A more vernacular meaning of assimilation refers the process of taking information in. Not learning. More absorption. More osmosis.
The US and Afghanistan
How does this apply to the US in Afghanistan.?
We went into Afghanistan ostensibly to destroy al Qaeda, in general — remember them? — and kill Osama bin Laden — remember him? — in particular. Once we did that, we stuck around for some unknown and ungodly reason and tried to create a liberal centralized law-abiding system in a conservative decentralized custom-following country. What the fuck were we thinking was going to happen? We’d wave some magic US exceptionalism wand and the Afghans would magically see the error of their ways and adopt our magnificent two-party democratic republican system? Really?
We never assimilated in the sense that we didn’t take in information about Afghanistan. We knew the people we were dealing with, our Afghan allies and partners, were corrupt and just taking our millions and billions of dollars hand over fist and socking it away into one helluva 401K plan somewhere. We knew that any and all deliverables like a building built or an army unit recruited and trained were shoddy and practically worthless.
Instead of assimilating or acculturating — adopting some of the surface culture — even a little bit to Afghan culture we found Afghans who would acculturate and assimilate to us. We found translators and other helpers who would adopt our surface culture and even some of our deeper cultural values. That’s great. Those were wonderful people who will pay dearly for not being allowed to escape Afghanistan by the Miller and Trump years ago, but that is another blog post on another blog, altogether.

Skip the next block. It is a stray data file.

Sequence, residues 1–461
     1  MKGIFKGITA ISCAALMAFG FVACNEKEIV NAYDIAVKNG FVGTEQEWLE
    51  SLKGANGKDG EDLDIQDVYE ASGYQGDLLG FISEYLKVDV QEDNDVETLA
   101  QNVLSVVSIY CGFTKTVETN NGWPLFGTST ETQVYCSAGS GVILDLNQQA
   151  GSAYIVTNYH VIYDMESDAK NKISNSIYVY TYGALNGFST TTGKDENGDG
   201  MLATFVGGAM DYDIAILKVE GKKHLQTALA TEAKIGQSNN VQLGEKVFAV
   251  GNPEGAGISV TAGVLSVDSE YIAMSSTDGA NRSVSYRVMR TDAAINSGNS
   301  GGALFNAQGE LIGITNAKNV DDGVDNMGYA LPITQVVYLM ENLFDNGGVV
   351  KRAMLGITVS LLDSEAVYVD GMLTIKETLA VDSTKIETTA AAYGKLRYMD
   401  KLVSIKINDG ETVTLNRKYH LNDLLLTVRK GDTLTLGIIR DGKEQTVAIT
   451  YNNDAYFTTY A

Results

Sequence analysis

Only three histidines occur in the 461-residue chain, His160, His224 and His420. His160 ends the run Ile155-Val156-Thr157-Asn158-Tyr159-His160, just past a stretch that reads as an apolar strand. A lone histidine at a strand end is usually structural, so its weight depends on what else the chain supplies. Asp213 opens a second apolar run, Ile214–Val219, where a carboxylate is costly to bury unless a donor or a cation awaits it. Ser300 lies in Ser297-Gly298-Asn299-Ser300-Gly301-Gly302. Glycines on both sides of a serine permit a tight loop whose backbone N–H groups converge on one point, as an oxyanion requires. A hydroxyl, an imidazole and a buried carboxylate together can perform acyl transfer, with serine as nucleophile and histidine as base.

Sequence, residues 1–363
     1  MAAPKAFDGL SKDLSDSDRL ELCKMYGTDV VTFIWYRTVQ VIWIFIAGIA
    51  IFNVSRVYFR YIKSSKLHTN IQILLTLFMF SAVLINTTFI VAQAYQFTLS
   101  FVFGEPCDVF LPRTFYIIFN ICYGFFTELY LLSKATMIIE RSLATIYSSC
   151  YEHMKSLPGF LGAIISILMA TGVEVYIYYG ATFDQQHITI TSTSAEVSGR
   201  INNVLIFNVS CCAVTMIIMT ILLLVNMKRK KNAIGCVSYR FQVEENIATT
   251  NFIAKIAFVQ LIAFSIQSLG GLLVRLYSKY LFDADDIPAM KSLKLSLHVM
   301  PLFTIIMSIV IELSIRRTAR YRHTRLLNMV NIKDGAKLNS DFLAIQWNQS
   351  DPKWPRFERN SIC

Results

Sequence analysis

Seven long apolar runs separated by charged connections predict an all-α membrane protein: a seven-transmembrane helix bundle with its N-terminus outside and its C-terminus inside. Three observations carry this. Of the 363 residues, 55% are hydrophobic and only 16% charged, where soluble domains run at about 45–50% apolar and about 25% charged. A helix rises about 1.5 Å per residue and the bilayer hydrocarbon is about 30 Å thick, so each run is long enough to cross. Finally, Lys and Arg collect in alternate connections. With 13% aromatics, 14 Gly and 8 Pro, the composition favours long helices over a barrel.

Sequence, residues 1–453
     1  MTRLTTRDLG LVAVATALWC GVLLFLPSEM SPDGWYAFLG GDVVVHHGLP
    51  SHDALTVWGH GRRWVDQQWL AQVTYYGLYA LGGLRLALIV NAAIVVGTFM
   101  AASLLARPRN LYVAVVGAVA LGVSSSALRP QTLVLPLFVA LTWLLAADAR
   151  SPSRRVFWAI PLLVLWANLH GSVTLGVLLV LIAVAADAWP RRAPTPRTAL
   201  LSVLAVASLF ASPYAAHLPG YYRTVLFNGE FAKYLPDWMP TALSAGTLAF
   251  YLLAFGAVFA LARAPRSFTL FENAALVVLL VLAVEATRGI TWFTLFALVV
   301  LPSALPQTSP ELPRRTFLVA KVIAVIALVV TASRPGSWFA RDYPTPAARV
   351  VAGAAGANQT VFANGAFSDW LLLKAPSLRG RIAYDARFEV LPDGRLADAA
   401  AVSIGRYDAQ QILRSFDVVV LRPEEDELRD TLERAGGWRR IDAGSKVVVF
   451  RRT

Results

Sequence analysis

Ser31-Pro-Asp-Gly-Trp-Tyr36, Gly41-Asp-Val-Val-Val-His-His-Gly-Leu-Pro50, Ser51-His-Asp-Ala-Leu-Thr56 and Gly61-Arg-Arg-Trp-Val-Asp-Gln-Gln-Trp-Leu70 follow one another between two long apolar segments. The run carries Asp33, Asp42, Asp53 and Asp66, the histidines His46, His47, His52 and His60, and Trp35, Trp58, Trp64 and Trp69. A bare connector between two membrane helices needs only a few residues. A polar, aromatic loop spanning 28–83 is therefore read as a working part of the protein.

Our mistake was seeing those people and thinking they were the norm. Thinking that it meant we were making progress. We generalized from a small sample size to an entire population. It was a cardinal error. A rookie mistake.
To win a war in a foreign country, you’ve got to win it on their cultural terms. You have to achieve the goals that their culture recognizes as meaning you’ve won unless, of course, you’re willing to just grind them into dust and commit literal genocide and leaving hulking PTSD’ed wrecks behind. I know, that’s what the conservatives mean when they slobber over turning the sand into glass and bombing them back into the Stone Age. Unless you’re willing to commit that level of crime against humanity, and even then, you might not really win, you have to win in a way that the other side recognizes as winning.
Guess what, in the shifting alliance system of decentralized power centers that is Afghanistan, you can’t ever win. You may garner a bunch of allies, but eventually, they’ll change sides and you’re right back where you started from.
If we had bothered to learn anything about Afghanistan, we might could’ve realized this and saved ourselves a few billion dollars, a few thousand lives, and a decade or so. Do you think we’ve learned this lesson now? Probably not. We made the same mistake in Viet Nam and Iraq. Would’ve made it in Syria and Iran had we ever started wars there.
So, hope for the future, right?
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Categories: Social Psychology